Well, of course, I'm going hiking while visiting Arizona. It's not like I'm going to lay around a pool or anything. And of course I'm going to get up early to minimize the impact on the rest of the family. It's hard to believe they can cope without my glorious presence.
Speaking of glorious, there was this crazy glowing orb in the sky. It made my skin feel weird... like I was standing in front of a campfire. It was unnatural. Luckily, I was able to avoid overheating thanks to a creek crossing in bare feet. Phew. That was close.
Once I had my shoes back on it was a surreal walk through towering saguaro cactus. The recent rains had made everything green. In the Northwest green means soft and tender. In the Southwest, though, green means deception. The lush grass was sharp. The juicy fruit-like plants were covered in spines. Even the cute, fuzzy, furry plants were in fact wielders of a million tiny attacks.
I never got really hot and for that I was thankful beyond belief. My Northwest blood is great in cold weather, but gets way viscous in the heat. I'm far better suited for the snow than the desert.
Where I did get into trouble was where I went off trail. The trail led me only as far as the saddle between Indian Fortress and Elephant Mountain. The former is a minor hill with a trail up. Had I known there were native ruins at the top I would likely have run up. Especially after the fascinating visit to Tuzigoot the day before. Instead, I turned to the north toward Elephant Mountain.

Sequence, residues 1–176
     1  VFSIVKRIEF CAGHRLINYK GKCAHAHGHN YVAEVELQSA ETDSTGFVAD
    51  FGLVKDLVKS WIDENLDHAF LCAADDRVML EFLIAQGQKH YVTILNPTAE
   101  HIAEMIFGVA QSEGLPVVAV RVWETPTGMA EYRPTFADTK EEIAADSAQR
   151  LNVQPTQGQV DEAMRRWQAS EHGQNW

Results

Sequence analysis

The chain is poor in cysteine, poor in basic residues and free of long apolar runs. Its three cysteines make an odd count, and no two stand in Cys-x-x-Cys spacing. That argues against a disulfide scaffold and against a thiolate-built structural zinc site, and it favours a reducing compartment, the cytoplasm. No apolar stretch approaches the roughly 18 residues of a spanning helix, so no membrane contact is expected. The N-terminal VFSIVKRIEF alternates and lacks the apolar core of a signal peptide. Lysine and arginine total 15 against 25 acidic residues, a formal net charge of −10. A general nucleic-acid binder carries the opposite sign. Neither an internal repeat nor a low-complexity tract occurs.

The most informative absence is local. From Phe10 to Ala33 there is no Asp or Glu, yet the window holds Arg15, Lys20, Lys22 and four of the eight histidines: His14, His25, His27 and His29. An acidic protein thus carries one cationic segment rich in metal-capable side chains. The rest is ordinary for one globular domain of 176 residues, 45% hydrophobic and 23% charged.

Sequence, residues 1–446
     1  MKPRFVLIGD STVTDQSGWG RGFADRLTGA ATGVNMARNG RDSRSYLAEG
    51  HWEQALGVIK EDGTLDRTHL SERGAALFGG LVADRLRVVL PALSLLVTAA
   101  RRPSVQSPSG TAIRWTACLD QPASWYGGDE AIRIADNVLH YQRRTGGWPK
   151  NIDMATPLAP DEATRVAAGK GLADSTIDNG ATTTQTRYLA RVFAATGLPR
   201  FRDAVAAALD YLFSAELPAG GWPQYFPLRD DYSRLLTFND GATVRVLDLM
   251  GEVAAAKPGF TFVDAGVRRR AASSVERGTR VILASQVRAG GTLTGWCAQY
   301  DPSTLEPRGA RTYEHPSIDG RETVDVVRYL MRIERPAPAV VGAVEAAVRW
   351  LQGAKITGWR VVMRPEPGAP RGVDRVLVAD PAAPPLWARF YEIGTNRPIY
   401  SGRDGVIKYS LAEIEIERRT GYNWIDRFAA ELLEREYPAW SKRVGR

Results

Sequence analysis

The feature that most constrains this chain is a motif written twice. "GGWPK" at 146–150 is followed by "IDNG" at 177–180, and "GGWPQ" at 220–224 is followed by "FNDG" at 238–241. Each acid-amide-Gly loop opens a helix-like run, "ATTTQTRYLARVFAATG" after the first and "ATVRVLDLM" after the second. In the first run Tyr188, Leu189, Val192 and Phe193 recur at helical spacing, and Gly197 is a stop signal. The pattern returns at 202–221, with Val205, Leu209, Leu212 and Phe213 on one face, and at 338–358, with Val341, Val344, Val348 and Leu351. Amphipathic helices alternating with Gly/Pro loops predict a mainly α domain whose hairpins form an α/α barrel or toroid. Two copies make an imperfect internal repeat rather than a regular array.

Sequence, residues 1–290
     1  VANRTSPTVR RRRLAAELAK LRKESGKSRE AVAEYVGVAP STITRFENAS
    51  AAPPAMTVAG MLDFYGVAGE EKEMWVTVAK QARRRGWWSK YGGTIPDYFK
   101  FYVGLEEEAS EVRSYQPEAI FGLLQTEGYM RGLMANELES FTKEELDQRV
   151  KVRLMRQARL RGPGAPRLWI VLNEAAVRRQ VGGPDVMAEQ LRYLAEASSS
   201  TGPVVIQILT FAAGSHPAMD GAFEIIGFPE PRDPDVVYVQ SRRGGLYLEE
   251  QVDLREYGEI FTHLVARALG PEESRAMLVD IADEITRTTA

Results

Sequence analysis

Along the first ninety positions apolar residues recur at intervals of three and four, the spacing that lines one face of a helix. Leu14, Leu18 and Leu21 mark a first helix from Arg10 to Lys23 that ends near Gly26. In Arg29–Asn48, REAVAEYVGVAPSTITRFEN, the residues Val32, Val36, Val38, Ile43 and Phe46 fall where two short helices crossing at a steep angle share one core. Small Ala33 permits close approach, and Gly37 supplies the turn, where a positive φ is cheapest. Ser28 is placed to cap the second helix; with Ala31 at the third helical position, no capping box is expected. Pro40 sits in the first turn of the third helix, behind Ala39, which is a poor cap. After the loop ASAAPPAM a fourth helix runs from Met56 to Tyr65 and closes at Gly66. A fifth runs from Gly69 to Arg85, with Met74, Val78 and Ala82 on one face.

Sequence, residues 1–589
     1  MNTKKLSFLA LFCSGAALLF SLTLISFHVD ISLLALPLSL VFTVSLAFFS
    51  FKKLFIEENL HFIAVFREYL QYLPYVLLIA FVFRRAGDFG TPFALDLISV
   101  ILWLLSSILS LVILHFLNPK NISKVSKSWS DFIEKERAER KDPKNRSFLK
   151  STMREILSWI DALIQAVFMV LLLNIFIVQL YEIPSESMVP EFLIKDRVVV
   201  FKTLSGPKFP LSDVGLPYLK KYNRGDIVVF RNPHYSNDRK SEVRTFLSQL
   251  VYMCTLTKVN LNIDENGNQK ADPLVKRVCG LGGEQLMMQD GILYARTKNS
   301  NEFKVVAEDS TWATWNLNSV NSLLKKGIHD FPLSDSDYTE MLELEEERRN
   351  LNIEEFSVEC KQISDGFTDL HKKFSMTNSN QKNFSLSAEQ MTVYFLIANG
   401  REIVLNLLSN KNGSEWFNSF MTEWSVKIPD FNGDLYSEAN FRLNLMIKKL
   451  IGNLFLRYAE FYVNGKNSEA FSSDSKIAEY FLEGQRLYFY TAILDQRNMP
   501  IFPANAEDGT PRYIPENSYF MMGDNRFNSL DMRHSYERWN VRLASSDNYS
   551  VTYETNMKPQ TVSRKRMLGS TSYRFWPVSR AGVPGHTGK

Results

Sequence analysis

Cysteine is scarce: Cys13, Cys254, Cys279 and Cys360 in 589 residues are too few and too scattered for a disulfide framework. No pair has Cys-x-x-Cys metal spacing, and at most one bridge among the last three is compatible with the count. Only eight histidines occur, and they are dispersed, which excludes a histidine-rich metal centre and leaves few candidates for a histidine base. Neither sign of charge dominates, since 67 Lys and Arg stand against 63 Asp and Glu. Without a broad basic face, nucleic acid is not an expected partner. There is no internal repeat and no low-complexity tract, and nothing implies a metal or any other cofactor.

There were a number of sketchy little trails winding through the brush and cacti. At least I think they were sketchy little trails. You see, I suffer from Westsider's Syndrome.
I've grown up in the dense undergrowth of the Pacific Northwest. Here, if you can see the dirt it's almost guaranteed to be a trail. Whenever I adventure in a drier climate I'm see trails that aren't really there.
I see trails.
Usually this means I do some random wandering and maybe a little backtracking. In the desert it means lots of "OUCH!" and "WHA?" and probably some "DAMMIT!" The abundance of "trails" heading up the ridge had me traipsing all over. Thankfully, good beta kept me on the right side of the first big rocks and after that it was hard to get really lost. The crux was a pile of rock stretching all the way across the ridge. Easy enough to cross in "winter," but I wouldn't want to be reaching for those rocks when there are snakes out.
On the summit I had views south into Phoenix and north into the Tonto National Forest. If anything says, "You're not in Washington any more," it's a National Forest full of cacti.
I finished the loop back to the trailhead seeing only a handful of other people in spite of the perfect hiking conditions. I picked up a couple of hitchhikers that attached themselves to me with spines. Usually when I step in something it just sticks. I'm not sure if this is better or worse. It's more painful, but less stinky.
Back at the car I took stock. I was scratched and punctured in a couple of spots, but all the spines came out. I wasn't too much more red than when I headed out so the sunscreen must have done its job. Most important, I got a taste of what makes this part of the world unique and special. It's pretty cool, even if the trails don't seem to go anywhere.